35.13 Ilya Gabai’s “Last Words” (21 January 1970)

<< No 35 : 31 March 1975 >>

The Final Speech of Ilya Gabai at his Trial

(Tashkent, 21 January 1970)

Although more than five years have passed since the trial of Ilya Gabai and Mustafa Dzhemilev (CCE 12.3), Gabai’s concluding statement at his trial has only recently begun to circulate in samizdat. Without attempting a full account of the contents of this vivid human document, the following extracts may serve to outline the moral position of its author [omissions indicated thus …]

I am being tried on a criminal charge because I openly placed my signature on documents which set forth an attitude close to mine on certain facts of our life. To hold an opinion different from the official point of view on questions of domestic and foreign policy is a right achieved more than one-and-a-half centuries ago. I think that it was for the sake of this natural right that the most outstanding actions of the last few centuries took place: the storming of the Bastille, the writing of tracts on voluntary servitude, or of A Journey from Petersburg to Moscow [1790].[1]  Countries which do not observe these laws of living are nowadays an exception to the norm. This is also recognized in the Constitution of our own country, which grants its citizens freedom of conscience, and freedom of speech and demonstration. In spite of this, from time to time the same old reservations appear, which allow dissatisfaction, disagreement and personal opinion to be classified as crimes.

A question springs to mind: why is it obligatory that the official viewpoint be that of the public at large? Was it really necessary for the achievement of general well-being that Tito should be universally considered an executioner and cats-paw of imperialism, that cybernetics should be considered a false science, genetics a vehicle for fascism, and Shostakovich’s creative work a cacophony, not music? Or did the people really need the sacrificial orgies of 1937, 1949 and 1952 in order to achieve happiness?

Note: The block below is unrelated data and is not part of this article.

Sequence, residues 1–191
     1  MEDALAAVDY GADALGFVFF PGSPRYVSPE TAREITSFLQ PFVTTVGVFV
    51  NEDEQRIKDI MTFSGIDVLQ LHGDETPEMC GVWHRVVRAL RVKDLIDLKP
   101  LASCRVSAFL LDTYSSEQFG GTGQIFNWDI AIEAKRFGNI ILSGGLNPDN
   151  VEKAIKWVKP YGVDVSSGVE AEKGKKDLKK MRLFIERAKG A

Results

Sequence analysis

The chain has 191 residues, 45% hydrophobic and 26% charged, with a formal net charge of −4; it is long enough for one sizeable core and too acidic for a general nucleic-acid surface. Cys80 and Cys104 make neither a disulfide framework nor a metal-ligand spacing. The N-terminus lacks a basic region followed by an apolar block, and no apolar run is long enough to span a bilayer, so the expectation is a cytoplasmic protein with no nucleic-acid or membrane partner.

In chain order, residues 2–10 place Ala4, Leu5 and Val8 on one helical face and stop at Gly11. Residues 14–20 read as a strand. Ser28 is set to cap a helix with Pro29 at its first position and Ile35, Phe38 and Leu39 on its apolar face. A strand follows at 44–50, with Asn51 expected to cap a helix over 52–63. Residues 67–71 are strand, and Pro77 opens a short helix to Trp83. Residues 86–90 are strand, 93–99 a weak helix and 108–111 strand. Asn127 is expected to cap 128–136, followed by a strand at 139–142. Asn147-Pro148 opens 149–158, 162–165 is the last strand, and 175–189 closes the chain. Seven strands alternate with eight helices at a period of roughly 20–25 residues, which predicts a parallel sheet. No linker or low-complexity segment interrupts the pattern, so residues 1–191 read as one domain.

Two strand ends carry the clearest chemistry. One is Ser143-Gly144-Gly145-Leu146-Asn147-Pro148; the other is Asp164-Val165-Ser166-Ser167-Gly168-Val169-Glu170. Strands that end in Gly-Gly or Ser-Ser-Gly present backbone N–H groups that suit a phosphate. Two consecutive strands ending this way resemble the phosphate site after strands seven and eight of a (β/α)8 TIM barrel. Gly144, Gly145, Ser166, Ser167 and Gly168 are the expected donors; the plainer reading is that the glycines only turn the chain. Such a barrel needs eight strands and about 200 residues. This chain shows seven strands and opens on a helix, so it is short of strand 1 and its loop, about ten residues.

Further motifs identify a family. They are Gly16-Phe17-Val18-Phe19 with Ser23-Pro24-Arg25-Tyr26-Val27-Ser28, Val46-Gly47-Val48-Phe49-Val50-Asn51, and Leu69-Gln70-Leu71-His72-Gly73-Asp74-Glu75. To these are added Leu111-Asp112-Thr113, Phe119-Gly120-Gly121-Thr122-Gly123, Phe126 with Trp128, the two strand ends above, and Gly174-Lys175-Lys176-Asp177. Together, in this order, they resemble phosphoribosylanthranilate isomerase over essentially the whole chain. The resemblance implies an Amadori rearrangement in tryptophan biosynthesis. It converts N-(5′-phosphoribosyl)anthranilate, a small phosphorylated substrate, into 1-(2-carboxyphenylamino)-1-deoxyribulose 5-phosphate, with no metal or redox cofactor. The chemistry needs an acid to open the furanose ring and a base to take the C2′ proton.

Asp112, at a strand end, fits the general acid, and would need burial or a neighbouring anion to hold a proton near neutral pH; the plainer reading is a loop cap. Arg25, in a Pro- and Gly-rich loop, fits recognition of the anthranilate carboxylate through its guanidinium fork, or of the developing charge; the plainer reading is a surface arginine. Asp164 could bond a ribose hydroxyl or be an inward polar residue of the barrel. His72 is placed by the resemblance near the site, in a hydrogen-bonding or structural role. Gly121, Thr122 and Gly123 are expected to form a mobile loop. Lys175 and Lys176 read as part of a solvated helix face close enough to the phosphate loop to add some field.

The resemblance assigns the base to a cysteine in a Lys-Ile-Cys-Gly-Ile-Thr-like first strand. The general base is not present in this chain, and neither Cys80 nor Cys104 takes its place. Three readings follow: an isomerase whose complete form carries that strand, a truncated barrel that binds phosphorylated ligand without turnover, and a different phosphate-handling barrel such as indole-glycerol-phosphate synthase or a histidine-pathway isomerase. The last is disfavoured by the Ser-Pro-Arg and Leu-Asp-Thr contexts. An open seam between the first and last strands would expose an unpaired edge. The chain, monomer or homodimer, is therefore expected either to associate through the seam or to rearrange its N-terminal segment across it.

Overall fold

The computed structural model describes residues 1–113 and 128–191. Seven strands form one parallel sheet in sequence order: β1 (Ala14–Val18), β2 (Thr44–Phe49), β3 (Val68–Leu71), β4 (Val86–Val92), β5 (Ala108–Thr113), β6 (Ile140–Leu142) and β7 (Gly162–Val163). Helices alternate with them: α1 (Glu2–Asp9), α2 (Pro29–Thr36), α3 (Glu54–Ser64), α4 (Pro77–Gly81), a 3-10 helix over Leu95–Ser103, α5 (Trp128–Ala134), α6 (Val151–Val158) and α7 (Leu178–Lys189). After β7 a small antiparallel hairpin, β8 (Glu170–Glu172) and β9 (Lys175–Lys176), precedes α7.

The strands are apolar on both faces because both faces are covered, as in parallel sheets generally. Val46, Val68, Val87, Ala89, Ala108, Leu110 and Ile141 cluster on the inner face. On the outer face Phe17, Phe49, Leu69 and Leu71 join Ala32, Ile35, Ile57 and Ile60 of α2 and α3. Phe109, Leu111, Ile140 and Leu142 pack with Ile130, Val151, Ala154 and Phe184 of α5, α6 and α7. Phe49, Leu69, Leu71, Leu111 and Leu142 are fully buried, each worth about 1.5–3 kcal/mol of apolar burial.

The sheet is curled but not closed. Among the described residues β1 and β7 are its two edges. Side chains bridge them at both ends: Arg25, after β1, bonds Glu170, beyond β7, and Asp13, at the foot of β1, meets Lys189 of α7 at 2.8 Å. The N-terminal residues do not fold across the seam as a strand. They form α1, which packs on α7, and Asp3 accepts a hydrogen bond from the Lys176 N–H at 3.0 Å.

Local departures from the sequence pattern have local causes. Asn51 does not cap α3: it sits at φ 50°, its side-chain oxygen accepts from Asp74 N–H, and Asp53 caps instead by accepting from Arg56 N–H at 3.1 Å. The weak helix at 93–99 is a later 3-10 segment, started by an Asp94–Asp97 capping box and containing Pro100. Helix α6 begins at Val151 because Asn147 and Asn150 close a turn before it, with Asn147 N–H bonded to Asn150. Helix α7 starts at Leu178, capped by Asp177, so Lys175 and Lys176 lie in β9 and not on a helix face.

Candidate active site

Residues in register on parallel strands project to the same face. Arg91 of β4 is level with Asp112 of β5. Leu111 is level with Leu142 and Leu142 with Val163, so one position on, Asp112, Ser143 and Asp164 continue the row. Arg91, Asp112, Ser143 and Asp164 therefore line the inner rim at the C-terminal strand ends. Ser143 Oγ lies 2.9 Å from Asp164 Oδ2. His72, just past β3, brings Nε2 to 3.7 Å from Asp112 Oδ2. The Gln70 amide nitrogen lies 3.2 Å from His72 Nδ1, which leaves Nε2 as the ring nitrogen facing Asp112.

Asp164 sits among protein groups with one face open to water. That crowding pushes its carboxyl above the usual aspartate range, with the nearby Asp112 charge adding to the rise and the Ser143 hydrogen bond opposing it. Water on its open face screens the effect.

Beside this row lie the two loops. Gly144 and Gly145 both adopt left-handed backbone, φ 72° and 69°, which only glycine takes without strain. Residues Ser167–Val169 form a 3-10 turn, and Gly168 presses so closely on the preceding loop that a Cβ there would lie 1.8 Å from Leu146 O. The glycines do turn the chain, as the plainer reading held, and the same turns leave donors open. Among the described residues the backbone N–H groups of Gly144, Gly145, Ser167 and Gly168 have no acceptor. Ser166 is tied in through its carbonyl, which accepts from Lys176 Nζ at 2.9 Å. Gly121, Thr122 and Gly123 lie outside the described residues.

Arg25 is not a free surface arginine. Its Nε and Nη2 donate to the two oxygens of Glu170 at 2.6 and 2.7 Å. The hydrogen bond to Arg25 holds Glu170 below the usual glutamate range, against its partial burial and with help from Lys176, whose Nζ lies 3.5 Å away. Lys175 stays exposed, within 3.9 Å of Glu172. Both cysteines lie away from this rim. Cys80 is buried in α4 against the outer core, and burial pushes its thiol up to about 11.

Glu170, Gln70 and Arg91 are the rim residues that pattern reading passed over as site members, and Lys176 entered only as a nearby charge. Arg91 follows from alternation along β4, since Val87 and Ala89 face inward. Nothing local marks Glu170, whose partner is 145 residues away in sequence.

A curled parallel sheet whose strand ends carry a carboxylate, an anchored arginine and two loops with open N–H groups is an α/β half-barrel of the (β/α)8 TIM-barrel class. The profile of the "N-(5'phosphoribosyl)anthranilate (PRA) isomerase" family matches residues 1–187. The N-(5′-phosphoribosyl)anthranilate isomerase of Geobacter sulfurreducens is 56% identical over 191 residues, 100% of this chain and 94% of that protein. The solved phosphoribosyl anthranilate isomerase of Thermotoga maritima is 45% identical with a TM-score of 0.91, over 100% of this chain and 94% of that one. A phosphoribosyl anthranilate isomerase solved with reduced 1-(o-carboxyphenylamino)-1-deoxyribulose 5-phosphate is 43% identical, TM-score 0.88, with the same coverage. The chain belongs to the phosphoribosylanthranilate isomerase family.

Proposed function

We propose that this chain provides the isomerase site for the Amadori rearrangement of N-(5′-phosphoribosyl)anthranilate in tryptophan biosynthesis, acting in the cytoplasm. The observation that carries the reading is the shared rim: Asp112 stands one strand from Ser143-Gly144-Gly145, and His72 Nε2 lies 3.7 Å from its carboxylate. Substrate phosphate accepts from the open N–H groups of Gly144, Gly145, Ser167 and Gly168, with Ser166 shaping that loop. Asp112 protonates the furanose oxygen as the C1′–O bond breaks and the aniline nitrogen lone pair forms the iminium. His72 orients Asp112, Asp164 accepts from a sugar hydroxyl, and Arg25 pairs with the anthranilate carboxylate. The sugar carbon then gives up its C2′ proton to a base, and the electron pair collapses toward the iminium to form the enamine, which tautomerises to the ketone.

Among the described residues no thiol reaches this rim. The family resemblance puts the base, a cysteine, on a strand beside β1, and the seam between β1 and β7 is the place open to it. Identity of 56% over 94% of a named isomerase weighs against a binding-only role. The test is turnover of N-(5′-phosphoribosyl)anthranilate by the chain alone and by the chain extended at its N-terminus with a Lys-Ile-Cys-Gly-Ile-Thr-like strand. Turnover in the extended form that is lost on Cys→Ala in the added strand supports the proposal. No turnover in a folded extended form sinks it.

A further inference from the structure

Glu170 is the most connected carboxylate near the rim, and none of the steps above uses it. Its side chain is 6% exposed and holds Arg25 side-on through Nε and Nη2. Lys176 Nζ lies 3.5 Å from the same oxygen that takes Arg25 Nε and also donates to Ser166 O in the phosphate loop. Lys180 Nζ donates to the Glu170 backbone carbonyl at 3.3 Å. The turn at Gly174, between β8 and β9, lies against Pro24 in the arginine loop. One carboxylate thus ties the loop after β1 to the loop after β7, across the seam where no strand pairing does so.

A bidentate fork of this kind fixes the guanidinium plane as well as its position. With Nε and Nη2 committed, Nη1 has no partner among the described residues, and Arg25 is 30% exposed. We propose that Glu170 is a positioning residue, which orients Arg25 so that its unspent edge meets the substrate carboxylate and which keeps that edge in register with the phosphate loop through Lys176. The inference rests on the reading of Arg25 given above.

Why is it that from time to time dissatisfied people are dispatched to distant places? Is it because those who regard the rack and the iron collar as the best medical remedies speak in the name of the people? Or because “protest is not in tune with our traditions”? In these cases, people usually object that “we are not condemning anyone for their convictions but for spreading slanders”. That is, for two crimes: for lying or slandering, and for making this lie public. Nobody would object to such actions being indictable offences, especially as we can remember a great many proven slanders. In that case we might be able to expect some kind of judicial decisions in regard to the prose-writer Orest Maltsev and the playwright Mdivani . . . Professor Studitsky . . . the artists Kukryniksy, the journalists Gribachev and Kononenko . . . But these people go on successfully singing new songs, adapted to new times; a new generation of hate-inspired zealots has grown up, but all the same from time to time people keep on appearing in the dock, people who have not fallen in with the tradition of continuous unrestrained rejoicing.

At all times and in every language slander has meant saying what is not true. But in the course of this investigation not one fact has been proved or disproved. I deny that the documents I wrote or signed were slanderous […] I had no motive for disseminating libels. I do not think social ambition is a characteristic of mine, but even if it were assumed that I wrote out of political vanity it would be difficult to prove logically that I signed an open appeal to public opinion which distorted easily verifiable facts […] As regards dissemination, in my opinion convictions are not only ideas which a man wholeheartedly accepts, but ideas about which he tries to convince others. Thieves exchange glances or gossip shyly, in confidential whispers, but this is not how frank opinions are expressed. And if the point were only whether I had given something I wrote and signed to someone else to read, there would hardly be any need for this investigation; an openly signed appeal to public opinion presupposes that everything possible will be done so that the document reaches those to whom it is addressed […]